Friday, May 17, 2013

Patrice Kindl: Why the Regency Romance?

We're delighted to welcome Patrice Kindl back today as she contemplates the eternal lure of the Regency.

What is it about the English Regency era that writers and readers find so compelling? The period only lasted from 1811 to 1820 – nine years, an even shorter period than the one enshrined in countless cowboy movies and novels, the twenty year time-span of cattle drives and the open range in the United States.

Both eras have a lasting aura of romance: the cowboy hero offers a masculine archetype and the Regency heroine a feminine archetype. These are largely mutually exclusive worlds; it is difficult to imagine what Hopalong Cassidy and Lizzy Bennett would have to say to one another. One genre celebrates civilization, the other strips civilization away.

It is easy to understand that modern men might like an escape from mortgage payments and committee meetings, imagining living out under the open sky with only a faithful horse for company. It is not so easy to understand why modern women, who have achieved a great deal of freedom and power in comparison with their Regency counterparts, would look back on this time with such nostalgia. So, what gives?

I can tell you, at least, some of the things that appeal to me as a writer. For one thing, there’s Jane Austen. I fell in love with this incomparable writer as a teen when I realized that the books were very funny, and were at least as much about money as about love. Then, romance is a durable genre not simply because it involves important human needs and desires, but because it has a shape, a natural story arc. Marriage is a beginning, but it is also the ending of a courtship. Having spent the novel exploring the characters of the two parties involved, it is possible to believe that one can predict their future together.

A romance novel can take place in any age; human beings have bonded and formed families since before they were even human, and presumably will go on doing so in space colonies on alien worlds. However, the Regency Era is, to my mind, precisely balanced on the fulcrum of women’s history. Before this period women had very little choice in marital matters, being disposed of as chattel; after it they eventually came to have so much choice that the decision of whom to marry lost some of its power for good or evil. An unhappily married woman of 2013 can cut her losses and try again. A woman of 1813 was literally taking her life into her hands when she said, “Yes, sir, I will marry you.”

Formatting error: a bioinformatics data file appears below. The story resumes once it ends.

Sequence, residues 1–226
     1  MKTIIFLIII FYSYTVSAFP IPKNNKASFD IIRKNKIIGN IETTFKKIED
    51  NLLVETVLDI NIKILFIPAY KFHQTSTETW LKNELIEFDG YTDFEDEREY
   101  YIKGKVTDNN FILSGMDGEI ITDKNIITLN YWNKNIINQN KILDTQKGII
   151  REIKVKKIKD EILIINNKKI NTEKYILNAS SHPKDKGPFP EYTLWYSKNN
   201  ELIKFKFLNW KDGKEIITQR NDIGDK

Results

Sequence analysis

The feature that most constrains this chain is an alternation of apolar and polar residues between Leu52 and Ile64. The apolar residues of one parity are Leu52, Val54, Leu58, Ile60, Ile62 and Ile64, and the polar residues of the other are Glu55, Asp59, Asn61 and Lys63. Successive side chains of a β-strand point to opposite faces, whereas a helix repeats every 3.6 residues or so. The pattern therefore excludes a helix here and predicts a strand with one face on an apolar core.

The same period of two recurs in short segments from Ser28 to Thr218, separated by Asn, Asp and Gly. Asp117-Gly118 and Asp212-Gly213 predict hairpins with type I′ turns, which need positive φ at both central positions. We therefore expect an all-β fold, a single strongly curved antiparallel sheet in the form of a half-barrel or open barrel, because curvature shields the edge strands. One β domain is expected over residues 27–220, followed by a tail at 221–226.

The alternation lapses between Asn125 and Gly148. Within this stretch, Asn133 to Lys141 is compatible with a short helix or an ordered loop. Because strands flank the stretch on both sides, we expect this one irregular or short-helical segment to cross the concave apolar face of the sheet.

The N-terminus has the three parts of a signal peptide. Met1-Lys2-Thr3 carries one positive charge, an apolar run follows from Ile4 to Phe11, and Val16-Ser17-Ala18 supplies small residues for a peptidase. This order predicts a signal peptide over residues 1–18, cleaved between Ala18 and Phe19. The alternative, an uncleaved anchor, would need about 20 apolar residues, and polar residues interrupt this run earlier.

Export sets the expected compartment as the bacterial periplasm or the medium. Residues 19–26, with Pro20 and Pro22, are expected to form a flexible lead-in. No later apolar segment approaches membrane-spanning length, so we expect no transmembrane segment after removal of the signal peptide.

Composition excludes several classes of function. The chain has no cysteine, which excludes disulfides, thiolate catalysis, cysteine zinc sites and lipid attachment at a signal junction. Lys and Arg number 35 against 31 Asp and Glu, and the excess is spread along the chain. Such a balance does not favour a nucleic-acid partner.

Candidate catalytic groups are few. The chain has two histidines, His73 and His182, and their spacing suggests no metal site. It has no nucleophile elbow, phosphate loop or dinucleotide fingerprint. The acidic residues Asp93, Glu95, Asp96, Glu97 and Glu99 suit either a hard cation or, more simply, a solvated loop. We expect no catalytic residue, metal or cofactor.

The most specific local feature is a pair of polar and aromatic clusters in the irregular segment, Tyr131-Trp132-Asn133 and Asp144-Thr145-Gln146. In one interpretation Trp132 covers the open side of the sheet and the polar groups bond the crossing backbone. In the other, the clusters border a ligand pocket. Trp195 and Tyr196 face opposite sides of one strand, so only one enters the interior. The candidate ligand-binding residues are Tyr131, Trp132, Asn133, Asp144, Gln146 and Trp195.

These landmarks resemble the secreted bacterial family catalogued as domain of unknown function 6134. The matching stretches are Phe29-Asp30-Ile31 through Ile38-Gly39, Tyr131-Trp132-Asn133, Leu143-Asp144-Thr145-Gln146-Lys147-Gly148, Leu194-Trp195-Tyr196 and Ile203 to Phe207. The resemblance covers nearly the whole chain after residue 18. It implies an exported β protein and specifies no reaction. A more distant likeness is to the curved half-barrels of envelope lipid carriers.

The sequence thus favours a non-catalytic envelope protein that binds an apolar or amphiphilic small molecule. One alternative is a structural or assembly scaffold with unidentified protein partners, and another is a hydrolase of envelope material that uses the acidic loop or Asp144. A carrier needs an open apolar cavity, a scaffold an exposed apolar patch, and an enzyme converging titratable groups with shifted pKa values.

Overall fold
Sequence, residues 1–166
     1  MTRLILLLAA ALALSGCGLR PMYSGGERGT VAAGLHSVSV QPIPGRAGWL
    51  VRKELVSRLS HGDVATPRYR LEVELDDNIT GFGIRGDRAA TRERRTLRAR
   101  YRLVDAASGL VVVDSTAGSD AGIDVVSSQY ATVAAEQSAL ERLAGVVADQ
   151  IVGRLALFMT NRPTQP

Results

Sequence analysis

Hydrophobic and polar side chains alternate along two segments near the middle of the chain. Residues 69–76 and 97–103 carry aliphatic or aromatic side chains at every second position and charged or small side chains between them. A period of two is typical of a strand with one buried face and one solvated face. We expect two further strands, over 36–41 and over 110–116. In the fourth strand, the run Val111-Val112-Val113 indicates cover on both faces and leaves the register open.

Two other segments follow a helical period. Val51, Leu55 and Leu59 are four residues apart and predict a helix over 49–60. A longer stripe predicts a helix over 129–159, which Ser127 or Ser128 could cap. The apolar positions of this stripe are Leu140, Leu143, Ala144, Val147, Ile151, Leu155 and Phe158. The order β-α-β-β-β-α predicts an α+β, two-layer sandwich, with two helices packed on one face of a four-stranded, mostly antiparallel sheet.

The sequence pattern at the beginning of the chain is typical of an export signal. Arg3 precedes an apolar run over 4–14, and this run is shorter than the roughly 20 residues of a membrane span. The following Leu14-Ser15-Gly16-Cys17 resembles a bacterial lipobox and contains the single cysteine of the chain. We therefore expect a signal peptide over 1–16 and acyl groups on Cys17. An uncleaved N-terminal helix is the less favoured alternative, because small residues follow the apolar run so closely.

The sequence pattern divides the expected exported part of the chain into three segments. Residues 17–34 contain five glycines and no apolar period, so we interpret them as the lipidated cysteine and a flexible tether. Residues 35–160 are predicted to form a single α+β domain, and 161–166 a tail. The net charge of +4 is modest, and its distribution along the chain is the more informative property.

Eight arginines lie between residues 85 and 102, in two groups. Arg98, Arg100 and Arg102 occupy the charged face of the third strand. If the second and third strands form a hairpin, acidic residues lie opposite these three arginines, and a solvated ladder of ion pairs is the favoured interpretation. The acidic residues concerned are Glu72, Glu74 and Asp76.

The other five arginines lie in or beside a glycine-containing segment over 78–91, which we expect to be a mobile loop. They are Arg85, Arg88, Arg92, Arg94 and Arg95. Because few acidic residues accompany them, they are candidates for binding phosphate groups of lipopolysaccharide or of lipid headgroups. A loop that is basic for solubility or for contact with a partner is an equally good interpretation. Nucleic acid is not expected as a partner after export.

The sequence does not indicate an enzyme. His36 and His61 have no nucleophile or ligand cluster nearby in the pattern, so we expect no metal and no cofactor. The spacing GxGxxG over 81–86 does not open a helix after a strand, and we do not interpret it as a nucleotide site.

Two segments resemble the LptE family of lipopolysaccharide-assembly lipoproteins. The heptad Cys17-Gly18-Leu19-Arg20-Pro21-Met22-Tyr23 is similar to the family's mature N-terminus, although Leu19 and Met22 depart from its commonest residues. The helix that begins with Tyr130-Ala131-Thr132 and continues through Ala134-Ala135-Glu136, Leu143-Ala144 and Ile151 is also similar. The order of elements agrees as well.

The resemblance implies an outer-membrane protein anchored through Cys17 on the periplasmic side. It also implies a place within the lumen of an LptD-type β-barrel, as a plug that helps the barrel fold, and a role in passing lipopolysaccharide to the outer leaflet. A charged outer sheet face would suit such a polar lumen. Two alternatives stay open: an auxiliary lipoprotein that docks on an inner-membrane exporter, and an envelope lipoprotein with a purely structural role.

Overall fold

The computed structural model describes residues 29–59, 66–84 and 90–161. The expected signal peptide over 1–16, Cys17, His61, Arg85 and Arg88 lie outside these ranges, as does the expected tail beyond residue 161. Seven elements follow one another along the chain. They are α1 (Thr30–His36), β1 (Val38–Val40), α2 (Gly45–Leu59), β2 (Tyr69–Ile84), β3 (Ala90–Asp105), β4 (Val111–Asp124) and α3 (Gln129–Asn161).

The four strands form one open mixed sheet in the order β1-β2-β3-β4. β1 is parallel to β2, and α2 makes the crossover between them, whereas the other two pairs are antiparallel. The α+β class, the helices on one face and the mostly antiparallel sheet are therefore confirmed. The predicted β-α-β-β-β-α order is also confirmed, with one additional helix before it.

And then this was such a stylish time! The attire for both men and women was classic. Frankly, a hoop-skirted woman negotiating a narrow hallway, or the bearded and mustachioed Victorians who resembled Yetis more than gentlemen, or Marie Antoinette advancing beneath one of those three-foot-tall hairstyles: any of these inspire more derision in moderns than admiration, but the modish Regency couple is all simple elegance. The styles looked better on the young and slender, but what fashion has ever favored the elderly and stout?

Romance is best when the stakes are high, the lovers are drop-dead gorgeous and the path to happiness perilous. The endless rules of behavior and class distinctions are an absolute gift to writers. Pity the poor author who tries to come up with a barrier to romance for a modern couple! Different class, different religion, different race, same sex? No problem! Whereas in the early 1800s there were so many hurdles to leap it was a wonder anybody managed to reproduce at all.

I am working on a sequel to Keeping the Castle, set in a Female Academy in Lesser Hoo, called A School for Brides. The research only reinforces my recognition of how little power these women had. For instance, the backboard, a device nominally intended to improve posture (shown above in the satirical illustration of a school for young ladies), was actually a way to train a girl for a life of subservience and obedience, physically restraining her for many hours a day. Marriage would either be her salvation or her doom, and for the first time in history, she had the ability to choose.

Thank you, Patrice! It's been a pleasure to have you visit this week (I'm still giggling at Victorian yetis). For more info on Patrice and her books, including Keeping the Castle and the upcoming A School for Brides, please visit her website at


Liviania said...

I love Patrice Kindl! It's nice to hear a little about an upcoming book from her.

Patrice Kindl said...

Well, I love you too!

With affection, Patrice Kindl

Leandra Wallace said...

Yay, a sequel! I just pulled down my copy of Keeping the Castle last week to reread the ending again.